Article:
Trinity College Dublin Students’ Union (TCDSU) is set to hold a Long Term Policy (LTP) referendum on January 30th regarding the sports levy and its impact on the student body.
The amendment set to be voted upon is centred around the proposal that the TCDSU will support the collection of the Sports Centre Development Charge (SCDC), paid by registered students at the start of the year, provided that the sports centre stops charging booking fees and equipment charges.
While TCDSU has no direct say in how the additional fees are administered, according to its constitution it does support the continued collection of the annual sports charge.
A number of organisations such as The PhDs’ Collective Action Union (PCAU), Students4Change and the Postgraduate Workers Alliance of Ireland (PGWA) have endorsed the “yes” vote.
In a press release sent out on January 19th on the referendum, “yes” campaign manager and co-author of the motion Lórien MacEnulty, a PhD Physics researcher, said: “The booking and equipment fees charged by the college have gotten out of hand. They do not even contribute enough to [Trinity Sports Centre] income to be reported, and squeezing the last pennies from students looking to keep healthy and active is considered part of the [Trinity Sports Centre] business model”.
“Why didn’t Trinity Sport pressure Trinity College harder for more funding before laying the financial burden on the students? Voting “yes” in the upcoming referendum sends a message to [Trinity Sports Centre] and TCD alike: you may no longer exploit the statistically poorest of your stakeholders, the students”, she continued.
“College must use its extra cash to subsidise the financial burden that currently weighs heavily on our strained sports services.”
In the same press release, Chairperson of Students4Change and seconder of the motion at Council László Molnárfi said: “Students are struggling with the cost-of-living crisis and the housing crisis. Over 11,000 of us are in rent or fee debt to our third-level institutions across Ireland, more than 250 of us at Trinity College Dublin”.
“Our College is complicit in this, by commercialising student life”, he continued. “College’s various charges to access sport facilities quickly add up to become a financial burden, meaning that many of us cannot afford to socialise. This means that students get disengaged and the community is hurt, not the least by increasing the risk of dropping out of College.”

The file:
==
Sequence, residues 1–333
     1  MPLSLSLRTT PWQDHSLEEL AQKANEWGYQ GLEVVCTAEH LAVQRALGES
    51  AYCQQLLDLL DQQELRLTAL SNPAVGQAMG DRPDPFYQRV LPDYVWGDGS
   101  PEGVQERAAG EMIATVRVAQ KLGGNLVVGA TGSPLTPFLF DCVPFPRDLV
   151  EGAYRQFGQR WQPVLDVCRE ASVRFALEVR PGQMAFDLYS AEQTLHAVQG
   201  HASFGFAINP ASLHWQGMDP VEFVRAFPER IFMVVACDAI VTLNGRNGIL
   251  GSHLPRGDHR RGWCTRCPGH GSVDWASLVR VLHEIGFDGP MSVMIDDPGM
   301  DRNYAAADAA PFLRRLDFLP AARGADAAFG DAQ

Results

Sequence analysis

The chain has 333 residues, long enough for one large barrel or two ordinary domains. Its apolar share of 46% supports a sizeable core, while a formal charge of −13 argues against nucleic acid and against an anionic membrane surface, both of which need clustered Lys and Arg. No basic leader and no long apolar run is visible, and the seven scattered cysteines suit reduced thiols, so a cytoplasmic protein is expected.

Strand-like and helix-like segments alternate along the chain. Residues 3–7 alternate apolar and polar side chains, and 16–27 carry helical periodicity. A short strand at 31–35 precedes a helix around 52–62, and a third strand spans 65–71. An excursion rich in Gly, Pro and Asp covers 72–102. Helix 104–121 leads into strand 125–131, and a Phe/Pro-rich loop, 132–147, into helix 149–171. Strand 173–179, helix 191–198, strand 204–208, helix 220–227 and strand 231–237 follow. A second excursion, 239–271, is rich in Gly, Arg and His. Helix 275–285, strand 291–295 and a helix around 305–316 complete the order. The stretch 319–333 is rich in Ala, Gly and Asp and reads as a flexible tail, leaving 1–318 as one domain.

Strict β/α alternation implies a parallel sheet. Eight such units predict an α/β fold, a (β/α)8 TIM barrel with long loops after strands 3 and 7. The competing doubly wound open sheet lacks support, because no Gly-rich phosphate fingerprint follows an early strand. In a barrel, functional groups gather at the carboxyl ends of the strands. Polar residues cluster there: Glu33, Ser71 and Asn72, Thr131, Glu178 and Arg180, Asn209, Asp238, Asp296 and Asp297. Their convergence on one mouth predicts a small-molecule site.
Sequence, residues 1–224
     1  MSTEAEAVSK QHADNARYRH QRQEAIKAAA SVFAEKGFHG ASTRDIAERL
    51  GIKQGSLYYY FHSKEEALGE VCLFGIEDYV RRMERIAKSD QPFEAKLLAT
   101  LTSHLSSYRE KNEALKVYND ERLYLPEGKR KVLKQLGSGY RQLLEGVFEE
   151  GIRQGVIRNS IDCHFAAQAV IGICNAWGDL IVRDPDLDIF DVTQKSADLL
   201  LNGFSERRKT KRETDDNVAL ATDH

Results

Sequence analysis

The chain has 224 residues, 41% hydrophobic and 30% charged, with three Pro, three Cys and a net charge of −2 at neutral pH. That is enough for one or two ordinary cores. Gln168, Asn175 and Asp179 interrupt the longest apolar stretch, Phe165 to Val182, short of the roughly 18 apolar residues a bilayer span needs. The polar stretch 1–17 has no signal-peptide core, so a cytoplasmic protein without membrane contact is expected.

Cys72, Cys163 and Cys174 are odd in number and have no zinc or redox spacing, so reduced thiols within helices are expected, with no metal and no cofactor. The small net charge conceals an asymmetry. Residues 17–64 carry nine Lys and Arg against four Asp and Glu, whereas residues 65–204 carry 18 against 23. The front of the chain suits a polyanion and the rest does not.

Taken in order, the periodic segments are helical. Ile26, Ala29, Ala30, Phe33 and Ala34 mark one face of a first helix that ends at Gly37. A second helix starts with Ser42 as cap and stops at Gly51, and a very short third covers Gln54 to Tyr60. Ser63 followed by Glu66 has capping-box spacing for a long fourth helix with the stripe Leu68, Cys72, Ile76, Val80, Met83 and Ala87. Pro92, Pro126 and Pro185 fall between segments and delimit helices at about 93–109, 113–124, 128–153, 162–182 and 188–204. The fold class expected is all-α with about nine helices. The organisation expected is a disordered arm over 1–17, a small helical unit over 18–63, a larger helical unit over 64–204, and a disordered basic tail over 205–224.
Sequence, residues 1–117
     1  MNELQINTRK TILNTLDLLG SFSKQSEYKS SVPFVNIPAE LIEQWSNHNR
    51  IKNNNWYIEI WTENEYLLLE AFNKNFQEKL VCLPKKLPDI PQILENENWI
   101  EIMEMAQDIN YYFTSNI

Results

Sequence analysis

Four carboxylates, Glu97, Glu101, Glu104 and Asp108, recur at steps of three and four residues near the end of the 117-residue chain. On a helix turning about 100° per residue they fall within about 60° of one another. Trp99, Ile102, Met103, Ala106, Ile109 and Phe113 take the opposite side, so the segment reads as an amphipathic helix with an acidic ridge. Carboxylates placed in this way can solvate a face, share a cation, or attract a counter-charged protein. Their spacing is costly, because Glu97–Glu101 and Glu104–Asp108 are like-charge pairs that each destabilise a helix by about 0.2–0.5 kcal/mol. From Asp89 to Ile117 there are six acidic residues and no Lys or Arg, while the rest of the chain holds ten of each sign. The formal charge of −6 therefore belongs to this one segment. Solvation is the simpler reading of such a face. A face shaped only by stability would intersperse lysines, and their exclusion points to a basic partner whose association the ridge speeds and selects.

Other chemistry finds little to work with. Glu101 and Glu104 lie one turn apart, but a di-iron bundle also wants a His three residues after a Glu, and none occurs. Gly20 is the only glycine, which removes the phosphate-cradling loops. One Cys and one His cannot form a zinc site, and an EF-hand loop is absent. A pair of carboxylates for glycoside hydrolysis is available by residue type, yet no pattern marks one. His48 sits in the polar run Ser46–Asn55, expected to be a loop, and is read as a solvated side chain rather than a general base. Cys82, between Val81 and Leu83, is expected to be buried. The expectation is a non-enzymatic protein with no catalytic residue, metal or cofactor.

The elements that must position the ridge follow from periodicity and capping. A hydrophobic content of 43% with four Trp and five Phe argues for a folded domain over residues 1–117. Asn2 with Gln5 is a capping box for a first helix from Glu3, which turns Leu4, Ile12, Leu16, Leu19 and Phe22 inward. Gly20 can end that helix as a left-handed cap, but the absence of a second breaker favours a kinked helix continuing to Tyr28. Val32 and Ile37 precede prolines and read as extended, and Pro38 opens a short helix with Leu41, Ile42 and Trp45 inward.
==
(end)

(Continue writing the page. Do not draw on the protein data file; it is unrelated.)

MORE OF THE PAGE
“I urge everyone to vote “yes” in the upcoming referendum. Instead of squeezing every last cent out of students by commercialising all aspects of the student experience, Trinity should realise that supporting this model of funding is unsustainable, hurtful to our community and a dereliction of duty.”
Chairperson of Trinity Sport Liam Bean also released a statement on Twitter regarding the referendum. “The proposed amendments to cease booking fees and equipment charges for sports facilities and classes threatens the student sport experience and opportunities, and will inevitably result in less access and capacity for student support, higher charges to student sports clubs and an increase of commercial activity”.
“The proposed wording in the sport levy referendum includes inaccuracies in relation to the inflation provision and there has been no consultation on the sports levy referendum with Trinity Sport Union”, he continued.
“Ultimately, I believe this vote is flawed. Make sure to register as soon as possible and vote “NO” to safeguard student sport at Trinity. If you have any questions on the vote please reach out to me or a member of the executive”, he finished.
MacEnulty later issued a statement on Twitter responding to Bean’s comments: “The content of Trinity Sports Union’s statement is pure, unsubstantiated speculation and belies a deep misunderstanding of the LTP motion under referendum”.
Adding more context to the reason behind the referendum, she mentioned that “students currently pay from the total contribution charge a sum of €120 called the Sports Development Charge (SDC), which contributes massively to Trinity Sport (TS) income”.
“The only body with the power to enforce collection and distribution of student fees is the Capitations Committee (CC). The [TCDSU] has only one of many seats on this committee. So, if the SU decides it no longer supports the collection of the SDC, it will announce this to the CC, and then the committee members will… talk about it. That’s it. Just talk”, she continued.
“The result of the referendum, therefore, WILL NOT directly translate into a functioning boycott against the SDC. The result of the referendum WILL serve as testament to the will of students.”
“By advocating for a ‘no’ vote, the Trinity Sports Union (TSU) is actually shooting itself in the foot”, she said. “Sports clubs and societies also pay inordinate amounts of money in booking fees to TS. They’re worried that this reevaluation of how TS is funded would somehow ‘result in them being charged for facilities to make up the shortfall’.”
“By saying this, they’re trying to make assertions as to how TS would respond to financial crisis, which is an immensely speculative undertaking at best, and anyway, an irrelevant inquiry. This referendum is NOT going to put TS in any sort of financial crisis.”
“When the time comes to discuss how TS is funded, the role of TSU will be to take a similar stance to that of the SU: College must subsidise the financial burden that weighs heavily on our strained sports centre, not the students and not the clubs they comprise”, she finished.
This article was updated on January 29th to include a statement from Lórien MacEnulty in response to the Trinity Sports Union.